Early Sunday morning, as soon as Megabus dropped me off in Burlington, a friend of mine picked me up and drove me to Middlebury. It was a good hour commute, but we spent all that time updating each other on school, work, and family news. I was surprised to tell her that this was going to be my last semester in Middlebury College. That starting on Monday, it was going to be my first and last day on campus, and every day that followed will also count as my first and last days in Vermont. I was surprised because I did not feel the time fly by, and I wondered…what have I done all these years to become the person I am today? I also asked myself if I honestly felt like I have grown as a person in MIddlebury College and if I made the right choice by coming to Vermont. “After all these years,” I started and my friend listened quietly as she drove up and down the green hills on the way.
When I was a high school senior in 2008, I remember applying to eight colleges, but none of them was Middlebury College. I did not even know Middlebury College existed until my guidance counselor brought it up one day. For some reason, he strongly believed that Middlebury College was the right place for me. At the time, I was clueless about my future, career, and choices. Also, I had no idea what major in! All I wanted to do was to submit my applications and get over the stressful college application process.
However, my guidance counselor had other plans. He had set an appointment with me to review my applications, personal statements, essays, SAT scores, etc. He said that I was set to go, but he wanted to make a suggestion. I thought the suggestion was related to editing my personal statements or retaking the SAT II exams. But he suggested something completely different: apply to MIddlebury College! All I said was, “Middle-what?” but he went on and on about the green hills in Vermont, the diversity on campus, and strong language program.
I applied because he asked me to. A few months later, I was accepted to all nine colleges, and I had to make a life changing decision. I crossed out six colleges off my list, and Middlebury was not one of them. For Preview Weekend, I visited the campus, and I fell in love with the green hills in the background, the white snow that trickled and delicately sat and sparkled on the ground, and the small-sized town that grew silent in dark hours. I was lured by Vermont’s uinque lifestyle and the fact that Middlebury College provided that lifestyle as well. I wanted to get away from New York City because it was too loud, too distracting, and too much for me. I know some people will disagree with my statement, but as a New Yorker, I needed a break from the stressed environment. I took a huge risk on basing my decision on my gut feeling instead of on academics, facilities, and community life, but it was one I don’t regret.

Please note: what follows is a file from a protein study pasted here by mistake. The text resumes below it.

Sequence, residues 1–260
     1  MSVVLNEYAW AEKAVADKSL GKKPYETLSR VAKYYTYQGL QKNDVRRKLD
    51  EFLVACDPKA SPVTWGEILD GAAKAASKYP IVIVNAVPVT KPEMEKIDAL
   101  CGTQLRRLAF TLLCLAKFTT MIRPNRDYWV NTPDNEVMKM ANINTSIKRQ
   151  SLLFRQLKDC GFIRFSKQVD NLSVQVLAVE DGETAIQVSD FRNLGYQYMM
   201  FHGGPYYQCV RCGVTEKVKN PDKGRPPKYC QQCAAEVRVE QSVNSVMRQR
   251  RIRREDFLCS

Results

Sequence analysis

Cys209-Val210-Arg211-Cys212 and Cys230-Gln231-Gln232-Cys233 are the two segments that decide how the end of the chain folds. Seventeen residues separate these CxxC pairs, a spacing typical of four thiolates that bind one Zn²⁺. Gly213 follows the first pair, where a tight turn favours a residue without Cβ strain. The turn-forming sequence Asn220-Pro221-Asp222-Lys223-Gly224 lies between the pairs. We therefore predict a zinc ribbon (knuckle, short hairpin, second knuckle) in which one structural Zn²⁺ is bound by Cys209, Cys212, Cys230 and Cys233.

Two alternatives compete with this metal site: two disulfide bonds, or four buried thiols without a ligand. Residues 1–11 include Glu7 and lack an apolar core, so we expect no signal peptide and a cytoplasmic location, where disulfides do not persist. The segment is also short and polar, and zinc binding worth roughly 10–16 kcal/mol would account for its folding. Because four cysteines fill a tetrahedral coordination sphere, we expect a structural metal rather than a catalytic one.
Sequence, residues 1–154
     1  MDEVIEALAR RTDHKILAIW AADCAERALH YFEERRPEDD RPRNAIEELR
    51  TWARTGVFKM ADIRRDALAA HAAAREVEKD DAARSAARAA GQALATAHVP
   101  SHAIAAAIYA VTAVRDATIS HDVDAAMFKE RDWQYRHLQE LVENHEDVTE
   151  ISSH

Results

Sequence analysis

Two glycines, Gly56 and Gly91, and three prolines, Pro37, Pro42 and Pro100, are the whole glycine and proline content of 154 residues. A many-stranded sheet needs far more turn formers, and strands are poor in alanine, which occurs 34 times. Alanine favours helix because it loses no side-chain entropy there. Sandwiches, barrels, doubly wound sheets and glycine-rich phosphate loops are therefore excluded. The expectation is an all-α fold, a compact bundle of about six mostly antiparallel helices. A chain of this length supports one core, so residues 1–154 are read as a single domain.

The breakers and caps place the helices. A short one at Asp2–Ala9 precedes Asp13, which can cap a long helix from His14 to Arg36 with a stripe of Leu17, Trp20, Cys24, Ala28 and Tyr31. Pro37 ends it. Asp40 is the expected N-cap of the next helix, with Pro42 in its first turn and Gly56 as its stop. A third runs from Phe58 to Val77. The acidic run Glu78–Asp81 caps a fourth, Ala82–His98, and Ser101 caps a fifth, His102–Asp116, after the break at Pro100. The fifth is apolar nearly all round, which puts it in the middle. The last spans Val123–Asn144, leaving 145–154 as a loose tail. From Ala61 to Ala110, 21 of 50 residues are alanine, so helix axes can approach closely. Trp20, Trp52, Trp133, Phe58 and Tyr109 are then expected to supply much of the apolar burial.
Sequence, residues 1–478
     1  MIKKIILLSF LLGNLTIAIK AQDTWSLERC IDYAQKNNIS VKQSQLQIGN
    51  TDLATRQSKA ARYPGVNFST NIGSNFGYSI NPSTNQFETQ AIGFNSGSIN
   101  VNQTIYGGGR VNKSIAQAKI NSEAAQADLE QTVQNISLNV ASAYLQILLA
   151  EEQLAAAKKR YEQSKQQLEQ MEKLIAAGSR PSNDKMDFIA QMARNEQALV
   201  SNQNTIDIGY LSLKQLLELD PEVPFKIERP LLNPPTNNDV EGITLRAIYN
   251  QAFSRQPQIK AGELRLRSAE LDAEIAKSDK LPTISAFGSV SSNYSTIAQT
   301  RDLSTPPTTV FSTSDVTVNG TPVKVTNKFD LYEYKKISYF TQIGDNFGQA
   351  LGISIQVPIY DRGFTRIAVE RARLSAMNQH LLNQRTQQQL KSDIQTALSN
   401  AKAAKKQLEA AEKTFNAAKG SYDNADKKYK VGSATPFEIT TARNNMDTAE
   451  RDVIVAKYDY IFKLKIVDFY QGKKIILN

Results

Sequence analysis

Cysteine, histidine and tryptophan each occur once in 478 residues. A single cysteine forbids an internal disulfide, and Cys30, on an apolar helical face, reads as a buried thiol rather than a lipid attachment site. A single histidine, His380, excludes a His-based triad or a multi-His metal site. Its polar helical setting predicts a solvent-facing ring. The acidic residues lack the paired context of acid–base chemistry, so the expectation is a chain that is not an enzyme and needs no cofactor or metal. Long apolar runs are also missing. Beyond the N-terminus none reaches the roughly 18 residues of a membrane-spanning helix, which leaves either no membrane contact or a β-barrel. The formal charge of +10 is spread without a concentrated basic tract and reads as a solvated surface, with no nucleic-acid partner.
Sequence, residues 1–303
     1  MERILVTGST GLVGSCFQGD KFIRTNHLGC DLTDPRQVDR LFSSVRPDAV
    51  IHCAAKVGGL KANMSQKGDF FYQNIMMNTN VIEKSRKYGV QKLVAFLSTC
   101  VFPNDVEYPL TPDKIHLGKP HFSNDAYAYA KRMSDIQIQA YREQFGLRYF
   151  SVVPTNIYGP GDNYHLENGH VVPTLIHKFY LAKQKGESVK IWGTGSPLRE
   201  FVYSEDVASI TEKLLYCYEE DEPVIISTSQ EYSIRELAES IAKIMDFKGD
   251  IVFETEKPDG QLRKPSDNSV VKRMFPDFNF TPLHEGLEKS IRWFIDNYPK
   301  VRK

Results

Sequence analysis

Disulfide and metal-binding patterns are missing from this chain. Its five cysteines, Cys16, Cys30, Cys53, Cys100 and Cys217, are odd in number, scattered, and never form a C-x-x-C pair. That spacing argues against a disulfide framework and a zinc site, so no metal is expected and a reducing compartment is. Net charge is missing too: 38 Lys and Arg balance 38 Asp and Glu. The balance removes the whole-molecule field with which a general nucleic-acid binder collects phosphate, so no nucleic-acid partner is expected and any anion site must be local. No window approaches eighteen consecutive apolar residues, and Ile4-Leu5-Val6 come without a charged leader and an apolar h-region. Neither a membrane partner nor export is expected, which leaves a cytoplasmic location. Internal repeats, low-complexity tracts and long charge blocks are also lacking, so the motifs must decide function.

Luckily, I fell in love with the English department and took classes on Creative Writing. I learned two languages (Italian and German), took several political science, sociology/anthropology, and women and gender studies classes, and became a part of several cultural organizations. The best part of my college experience was my creative writing workshop classes because that was when I truly grew as a writer and a person. I sharpened my writing skills and learned to discipline myself into writing hours on end every other day while I managed to do super well on my four classes, commit to volunteer work, and run an organization. In my freshman year, I wrote 234 pages on a novel I am still working on today, seven poems, twenty five short stories, and a few blurbs on my notepad. But I know for a fact that I could have not done it with the help of my professors who, like my guidance counselor, also believed in the power and talent of my writing.
“After all these years, I honestly feel like I learned a lot. I gained enough experience to feel ready to go and about in the real world,” I told my friend. She said that was a cheesy comment, but I knew for a fact that it was one I truly meant and felt since the day I stepped on campus as a prospective student.